I’ll include a quick walkthrough of the detection routine, to take you step-by-step on how that works. In the code in the repo, there is also an example of how to load any image so that you can run the detection routine against it, which should be handy as a step 1 of a homebrew iPhoto face discriminator 🙂
import opencv # Magic convenience class from OpenCV with a method for grabbing images from opencv import highgui # This is how you get access to the first webcam your system finds. camera = highgui.cvCreateCameraCapture(-1) # This function grabs a frame from the webcam, runs 'detect' on the OpenCV image, and # converts the result to a PIL based image, suitable for reuse/blitting/storing def get_image(): im = highgui.cvQueryFrame(camera) detect(im) #convert Ipl image to PIL image return opencv.adaptors.Ipl2PIL(im) # The detection routine: def detect(image): # Find out how large the file is, as the underlying C-based code # needs to allocate memory in the following steps image_size = opencv.cvGetSize(image) # create grayscale version - this is also the point where the allegation about # facial recognition being racist might be most true. A caucasian face would have more # definition on a webcam image than an African face when greyscaled. # I would suggest that adding in a routine to overlay edge-detection enhancements may # help, but you would also need to do this to the training images as well. grayscale = opencv.cvCreateImage(image_size, 8, 1) opencv.cvCvtColor(image, grayscale, opencv.CV_BGR2GRAY) # create storage (It is C-based so you need to do this sort of thing) storage = opencv.cvCreateMemStorage(0) opencv.cvClearMemStorage(storage) # equalize histogram opencv.cvEqualizeHist(grayscale, grayscale) # detect objects - Haar cascade step # In this case, the code uses a frontal_face cascade - trained to spot faces that look directly # at the camera. In reality, I found that no bearded or hairy person must have been in the training # set of images, as the detection routine turned out to be beardist as well as a little racist! cascade = opencv.cvLoadHaarClassifierCascade('haarcascade_frontalface_alt.xml', opencv.cvSize(1,1)) faces = opencv.cvHaarDetectObjects(grayscale, cascade, storage, 1.2, 2, opencv.CV_HAAR_DO_CANNY_PRUNING, opencv.cvSize(50, 50)) if faces: for face in faces: # Hmm should I do a min-size check? # Draw a Chartreuse rectangle around the face - Chartruese rocks ;) opencv.cvRectangle(image, opencv.cvPoint( int(face.x), int(face.y)), opencv.cvPoint(int(face.x + face.width), int(face.y + face.height)), opencv.CV_RGB(127, 255, 0), 2) # RGB #7FFF00 width=2 [PyGame stuff - snip -] #demo image preparation aka how to load any image and run the detection routine on it cv_im = highgui.cvLoadImage("demo.jpg") detect(cv_im) pil_im = opencv.adaptors.Ipl2PIL(cv_im) def read_demo_image(): return pil_im while True: # Fixed demo for when you have no Webcam im = read_demo_image() # UNCOMMENT this and comment out the demo when you wish to use webcam #im = get_image() pil_img = pygame.image.frombuffer(im.tostring(), im.size, im.mode) screen.blit(pil_img, (0,0)) pygame.display.flip() pygame.time.delay(int(1000.0/fps))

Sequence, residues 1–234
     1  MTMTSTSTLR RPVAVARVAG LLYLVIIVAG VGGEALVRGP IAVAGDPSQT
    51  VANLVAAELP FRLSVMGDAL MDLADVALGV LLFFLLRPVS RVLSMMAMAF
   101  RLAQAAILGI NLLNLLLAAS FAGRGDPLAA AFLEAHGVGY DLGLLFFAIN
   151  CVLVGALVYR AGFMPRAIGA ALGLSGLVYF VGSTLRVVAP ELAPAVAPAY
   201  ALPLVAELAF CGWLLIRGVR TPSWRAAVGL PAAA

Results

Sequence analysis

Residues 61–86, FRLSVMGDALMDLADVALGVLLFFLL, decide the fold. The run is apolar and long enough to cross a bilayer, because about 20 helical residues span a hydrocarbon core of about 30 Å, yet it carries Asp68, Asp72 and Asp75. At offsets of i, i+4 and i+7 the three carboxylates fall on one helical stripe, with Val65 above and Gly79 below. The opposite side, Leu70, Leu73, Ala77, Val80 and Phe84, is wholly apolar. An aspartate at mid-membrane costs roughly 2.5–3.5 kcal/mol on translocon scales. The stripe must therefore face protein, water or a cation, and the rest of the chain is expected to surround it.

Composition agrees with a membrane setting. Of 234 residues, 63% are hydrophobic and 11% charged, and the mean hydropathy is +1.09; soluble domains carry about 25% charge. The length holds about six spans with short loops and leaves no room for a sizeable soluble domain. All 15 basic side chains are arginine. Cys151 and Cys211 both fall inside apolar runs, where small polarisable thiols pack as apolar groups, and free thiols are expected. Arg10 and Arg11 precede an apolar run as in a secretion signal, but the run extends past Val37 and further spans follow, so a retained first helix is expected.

Let me know if you have luck with this, and also if you have made progress on the harder second step of discrimination between faces 🙂
– Quick update –
Found this excellent cheatsheet for getting started with OpenCV (in C):